After Wednesday, tornado safety tips for North State

Mar 28, 2014 6:35 PM

There was relative calm today after Wednesday’s storm.

But this weekend, Action News Now Meteorologist Kris Kuyper says, “The atmosphere is going to exhibit a little bit of what we call a sheer, which if we get a thunderstorm going, that very well could get in the motion there. So funnel clouds or even a tornado cannot be ruled out for Saturday afternoon.”

After speaking with residents along Road 39 in Glenn County, National Weather Service Forecaster Brooke Bingaman came to the conclusion that some people don’t know what to do in a tornado.

“Some people actually got in their cars and tried to drive away,” Bingaman said.

Gary Anderson may have been guilty of that.

“We went and drove out the driveway as the thing just touched down out back of the house,” said Anderson, who lost 50 almond trees in the storm.

But let's separate fact from fiction, per NOAA and the National Weather Service.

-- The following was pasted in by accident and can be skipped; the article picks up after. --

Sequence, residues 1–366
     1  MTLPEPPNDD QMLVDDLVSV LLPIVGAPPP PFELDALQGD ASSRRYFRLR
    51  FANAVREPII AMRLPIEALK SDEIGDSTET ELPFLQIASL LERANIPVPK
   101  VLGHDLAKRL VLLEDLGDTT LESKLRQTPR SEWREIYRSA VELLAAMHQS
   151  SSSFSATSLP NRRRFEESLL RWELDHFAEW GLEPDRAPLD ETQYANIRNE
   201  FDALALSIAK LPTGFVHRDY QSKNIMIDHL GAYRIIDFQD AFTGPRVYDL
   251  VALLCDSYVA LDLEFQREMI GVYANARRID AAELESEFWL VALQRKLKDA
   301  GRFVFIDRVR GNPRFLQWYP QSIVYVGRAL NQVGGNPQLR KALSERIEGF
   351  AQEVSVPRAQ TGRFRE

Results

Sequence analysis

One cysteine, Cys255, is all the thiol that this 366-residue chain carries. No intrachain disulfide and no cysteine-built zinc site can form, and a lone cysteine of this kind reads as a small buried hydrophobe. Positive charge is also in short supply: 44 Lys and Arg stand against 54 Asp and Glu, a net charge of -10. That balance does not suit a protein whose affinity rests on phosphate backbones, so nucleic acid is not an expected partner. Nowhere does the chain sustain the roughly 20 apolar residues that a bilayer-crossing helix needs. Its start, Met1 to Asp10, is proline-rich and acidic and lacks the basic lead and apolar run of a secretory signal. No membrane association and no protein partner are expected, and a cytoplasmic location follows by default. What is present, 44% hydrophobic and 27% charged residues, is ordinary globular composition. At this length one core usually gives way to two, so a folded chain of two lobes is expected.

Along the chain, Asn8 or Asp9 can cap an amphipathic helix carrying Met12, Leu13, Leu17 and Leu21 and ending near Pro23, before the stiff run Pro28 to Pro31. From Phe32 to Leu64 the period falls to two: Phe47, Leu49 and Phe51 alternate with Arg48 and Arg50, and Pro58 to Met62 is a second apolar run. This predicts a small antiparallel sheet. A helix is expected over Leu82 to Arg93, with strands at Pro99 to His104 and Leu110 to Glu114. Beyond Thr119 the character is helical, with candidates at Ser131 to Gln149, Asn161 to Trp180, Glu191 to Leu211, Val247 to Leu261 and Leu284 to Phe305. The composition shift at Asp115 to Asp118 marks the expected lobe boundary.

Cars are not sturdy shelter, and can be death traps in tornadoes.

Another piece of fiction: overpasses are a good form of shelter. In reality, they can also be deathtraps.

“When it comes to a tornado the best thing is to really stay in place and shelter,” Bingaman said.

While building their future home, the Spooner family is living in a temporary one-level adjacent to the building site.

It's grounded, whereas mobile homes are not, and should be left for safer shelter.

When the hail started smacking their house, the Spooners rushed into their daughter's room that had no windows.

“Sometimes it's good to put things over you like a mattress in case windows bust in so you don't get hurt or damaged by anything falling or blowing around in your house,” Bingaman said.

Blankets or sleeping bags will do too. And if your family has a basement, get down there. Go under the stairwell, a sturdy work bench, and definitely away from any heavy appliances on the floor above.

The National Weather Service released a final tornado summary today: three touchdowns between 5:30 and 6pm, with at least 100 trees uprooted, one thrown 227 feet.

For more safety tips, click here.


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